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Peer Advice: Tips to Manage Commuting in Grad School

Image of sunset while driving

If you are a local living near the Orange County area, commuting to MBKU is a great money-saving alternative to renting housing near campus!

After living on-campus at UC Irvine during undergrad, I decided to commute during my first year at MBKU since my family lives in Riverside (about 30 minutes without traffic). Commuting allowed me to spend more time practicing my clinical skills, making friends with classmates, attending club meetings, exploring the local area, and doing lots of studying.

Here are some tips that I found helpful to maximize my time on-campus as a commuting grad student:

  1. Get to campus early

Try your best to leave home earlier to account for any unexpected traffic, accidents, flat tires, or if you happen to leave something important at home. I usually arrive on campus 15-20 minutes early so I don’t feel rushed and to make sure I get a spot in the parking structure. If the parking structure gets filled, which occurs every now and then, you will have to park at the overflow lot (2001 N State College Blvd, Fullerton, CA 92831) and wait for the campus shuttle to pick you up every ~15 minutes. On test days, I like getting to campus 1-1.5 hours before the test starts so I can review any last-minute material and make sure I am relaxed before taking the test.

  1. Pack lots of food and try meal-prepping

Make sure you bring lunch and dinner, along with some snacks and caffeine, so you have fuel to tackle the upcoming school day. Meal-prepping helps to save time by only cooking meals every few days, and it also saves money so you don’t have to buy takeout too often.

  1. Find a good study spot on or near campus

The MBKU library, Health Professions Building student lounge, and the Student Union are great places to study on campus throughout the day. If you prefer a quiet spot, these places tend to be quieter in the evening, plus there are study rooms inside the library and on the second floor of the A building. Local coffee or boba shops are other popular study spot options among students. I personally prefer studying in the library cubicles, so I don’t get distracted too much.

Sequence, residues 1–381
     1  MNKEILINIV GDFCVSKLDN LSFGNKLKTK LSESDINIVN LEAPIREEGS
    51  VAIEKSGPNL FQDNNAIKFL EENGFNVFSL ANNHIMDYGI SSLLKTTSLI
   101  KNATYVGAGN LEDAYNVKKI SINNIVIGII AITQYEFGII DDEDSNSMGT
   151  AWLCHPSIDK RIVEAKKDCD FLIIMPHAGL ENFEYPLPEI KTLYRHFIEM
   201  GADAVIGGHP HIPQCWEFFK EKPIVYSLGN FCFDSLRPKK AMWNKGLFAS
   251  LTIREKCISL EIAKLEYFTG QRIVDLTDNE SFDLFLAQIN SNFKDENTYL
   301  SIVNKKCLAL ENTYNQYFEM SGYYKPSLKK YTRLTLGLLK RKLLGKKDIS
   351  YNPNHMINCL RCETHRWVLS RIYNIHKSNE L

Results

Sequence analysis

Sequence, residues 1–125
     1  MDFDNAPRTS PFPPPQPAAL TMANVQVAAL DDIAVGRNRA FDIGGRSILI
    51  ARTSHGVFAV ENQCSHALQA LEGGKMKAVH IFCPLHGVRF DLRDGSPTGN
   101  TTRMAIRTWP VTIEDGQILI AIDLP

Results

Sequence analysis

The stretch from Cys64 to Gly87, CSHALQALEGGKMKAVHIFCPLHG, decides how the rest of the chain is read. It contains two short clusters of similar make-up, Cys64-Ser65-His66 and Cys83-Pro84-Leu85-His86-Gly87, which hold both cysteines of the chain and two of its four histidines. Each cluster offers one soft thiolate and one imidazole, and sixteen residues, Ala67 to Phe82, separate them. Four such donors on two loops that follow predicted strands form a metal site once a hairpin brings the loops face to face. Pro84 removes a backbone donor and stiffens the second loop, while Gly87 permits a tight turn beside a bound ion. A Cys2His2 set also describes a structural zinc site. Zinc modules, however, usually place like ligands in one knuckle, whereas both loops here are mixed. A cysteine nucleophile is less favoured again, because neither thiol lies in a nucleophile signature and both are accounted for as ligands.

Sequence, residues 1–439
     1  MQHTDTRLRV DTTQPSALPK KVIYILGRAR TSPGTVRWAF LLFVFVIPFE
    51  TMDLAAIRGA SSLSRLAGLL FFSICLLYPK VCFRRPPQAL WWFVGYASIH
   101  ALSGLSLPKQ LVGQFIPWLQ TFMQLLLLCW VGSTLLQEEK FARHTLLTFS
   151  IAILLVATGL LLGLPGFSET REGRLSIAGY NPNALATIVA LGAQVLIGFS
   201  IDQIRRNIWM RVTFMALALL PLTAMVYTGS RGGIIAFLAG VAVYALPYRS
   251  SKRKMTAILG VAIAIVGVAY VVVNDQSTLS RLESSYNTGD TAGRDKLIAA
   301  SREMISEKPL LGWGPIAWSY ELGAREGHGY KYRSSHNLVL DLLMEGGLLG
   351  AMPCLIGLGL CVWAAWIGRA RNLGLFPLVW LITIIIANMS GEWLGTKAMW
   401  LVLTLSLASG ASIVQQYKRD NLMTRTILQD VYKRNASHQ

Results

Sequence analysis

1. Find some friends to study (and take study breaks) with

One quick and easy way to find study buddies is by getting to know classmates that are commuters or those who frequently study on-campus. Even if you prefer to study by yourself instead of with a group, sitting near friends can help you stay focused by holding each other accountable for studying, being able to ask questions on material you are having trouble understanding, and allowing you to take study breaks. Popular study break options include taking a walk around campus, getting snacks from the Student Union, or getting boba, coffee, or dinner together at nearby food places.

  1. Find things to do while waiting out traffic

Other than studying or catching up on lecture material, I highly recommend attending club meetings (if you’re a member of some of these clubs, you’ll get free dinner for attending!), signing up for After-Hours to practice for proficiencies, or hang out with friends. These will help prevent you from getting too overwhelmed or burnt-out from constantly studying and allow you to maintain a healthy active mindset in graduate school. 

I hope these tips helped get some insight into life as a commuting graduate student here at MBKU!